How do you prevent overdischarging the battery if the battery runs out before the sun comes up? Overdischarging LiOns just once makes them unuseable.
 

hoghunter

Member
I found this circuit for a 'light on' during the day condition. It stated that the LDR and 10k resistors would be swapped to have the LED illuminate after dark.
I found it along with this article: http://www.resistorguide.com/photoresistor/#Sensitivity
Is this considered an LDR comparator circuit? Should I follow the diagram below, but swap the LDR with the two 10k resistors? Thanks again for the help.

 

hoghunter

Member
Stash your screen shots here. I do it all the time...

I already knew that you want to switch ~12V. I asked how much current your load requires?

How do you prevent overdischarging the battery if the battery runs out before the sun comes up? Overdischarging LiOns just once makes them unuseable.
My mistake, I believe it is less than 1 amp but will have to verify. Also, I was instructed, in another post here from yesterday, to use the item I linked above to prevent overdischarging. If that is not correct, please let me know.
 

MikeMl

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Photocell is the name we called an LDR, back in the 1860's They are both the same.
Maybe in Australia ;)

That's ok, Colin. English is not my native language, but I learned to speak it in Australia between 1948 and 1958...
 

MikeMl

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There was a long running Forum thread on this topic. I posted several circuits if you follow the thread for all four pages. The 12V circuit is in post #64.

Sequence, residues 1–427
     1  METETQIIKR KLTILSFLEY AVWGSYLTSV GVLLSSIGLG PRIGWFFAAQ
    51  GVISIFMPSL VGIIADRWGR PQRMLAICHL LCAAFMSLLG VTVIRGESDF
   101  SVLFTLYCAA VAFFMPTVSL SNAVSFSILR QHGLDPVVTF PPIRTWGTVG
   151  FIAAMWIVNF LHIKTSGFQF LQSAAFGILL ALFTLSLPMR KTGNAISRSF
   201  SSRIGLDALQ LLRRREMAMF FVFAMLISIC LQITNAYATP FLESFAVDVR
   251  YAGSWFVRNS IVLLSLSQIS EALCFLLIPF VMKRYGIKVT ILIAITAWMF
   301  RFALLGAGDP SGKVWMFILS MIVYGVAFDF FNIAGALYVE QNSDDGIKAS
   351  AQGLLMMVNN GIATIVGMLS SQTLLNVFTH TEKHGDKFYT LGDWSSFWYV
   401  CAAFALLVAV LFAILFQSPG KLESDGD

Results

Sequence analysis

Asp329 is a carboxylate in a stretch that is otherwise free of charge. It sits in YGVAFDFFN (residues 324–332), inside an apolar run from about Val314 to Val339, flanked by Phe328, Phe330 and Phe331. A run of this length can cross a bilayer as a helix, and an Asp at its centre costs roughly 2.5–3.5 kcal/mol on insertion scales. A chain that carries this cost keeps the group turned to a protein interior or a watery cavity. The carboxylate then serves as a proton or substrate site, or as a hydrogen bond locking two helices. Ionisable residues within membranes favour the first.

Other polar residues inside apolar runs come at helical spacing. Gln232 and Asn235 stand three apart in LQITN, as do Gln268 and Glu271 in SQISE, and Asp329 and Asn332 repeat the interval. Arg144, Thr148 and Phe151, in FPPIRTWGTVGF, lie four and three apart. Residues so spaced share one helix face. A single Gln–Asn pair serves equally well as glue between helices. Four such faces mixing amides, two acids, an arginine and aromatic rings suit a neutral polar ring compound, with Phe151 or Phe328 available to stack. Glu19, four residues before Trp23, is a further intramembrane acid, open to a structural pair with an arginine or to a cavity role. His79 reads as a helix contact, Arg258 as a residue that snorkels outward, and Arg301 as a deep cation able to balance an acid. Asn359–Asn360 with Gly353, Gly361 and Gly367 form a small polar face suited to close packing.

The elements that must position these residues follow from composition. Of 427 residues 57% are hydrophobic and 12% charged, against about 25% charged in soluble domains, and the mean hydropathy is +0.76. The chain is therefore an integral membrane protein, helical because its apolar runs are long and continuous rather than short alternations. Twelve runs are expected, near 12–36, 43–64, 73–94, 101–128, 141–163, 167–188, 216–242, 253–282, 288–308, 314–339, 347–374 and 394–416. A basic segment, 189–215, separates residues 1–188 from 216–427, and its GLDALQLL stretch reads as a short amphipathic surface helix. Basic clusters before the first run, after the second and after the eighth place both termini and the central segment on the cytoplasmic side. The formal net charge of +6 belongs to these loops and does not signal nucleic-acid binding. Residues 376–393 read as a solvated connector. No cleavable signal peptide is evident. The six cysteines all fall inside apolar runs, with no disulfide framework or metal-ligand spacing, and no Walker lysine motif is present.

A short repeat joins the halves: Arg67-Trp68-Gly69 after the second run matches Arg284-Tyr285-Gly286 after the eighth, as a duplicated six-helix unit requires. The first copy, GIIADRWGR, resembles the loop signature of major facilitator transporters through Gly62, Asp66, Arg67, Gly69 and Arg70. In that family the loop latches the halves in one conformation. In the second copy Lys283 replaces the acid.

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AnalogKid

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So, a photocell's resistance decreases during daylight allowing current to pass and an LDR's decreases as it gets dark. allowing a light to be illuminated.
Is that it in a nutshell?
Nope. A photocell is not a resistor, it is a generator; its output current increases during daylight. An LDR is a resistor whose resistance *in*creases as it gets dark, stopping current flow.

ak
 

hoghunter

Member
There was a long running Forum thread on this topic. I posted several circuits if you follow the thread for all four pages. The 12V circuit is in post #64.
Mike/Nigel, I will refer to the post #64 that Mike mentioned and get this circuit fixed. I'll then paste a screen shot for you guys to look at.
I really appreciate all of your help with this. I am a structural designer by trade and know little about electrical circuits, but am learning a lot, quickly.:confused:
 

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hoghunter

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I've got the light sensor function taken care of, but am now having an issue with a motion sensor :arghh:. I've got one of these connected to trigger the LED on. I have it connected to a breadboard along with a 2v, 20ma 5mm led. I'm feeding the sensor with 5v and the led with 3.3v with 68 Ω on the + side. I have a 2N3904 transistor on the neg side with the gate triggered by 3.3v from the signal pin on the sensor. My issue is that the led will come on for approx 3 sec, then off for approx 6 sec, then back on and will continue doing this. It seems like there is some voltage bleeding through somewhere and loading a capacitor or something. Any suggestions for troubleshooting? Thanks.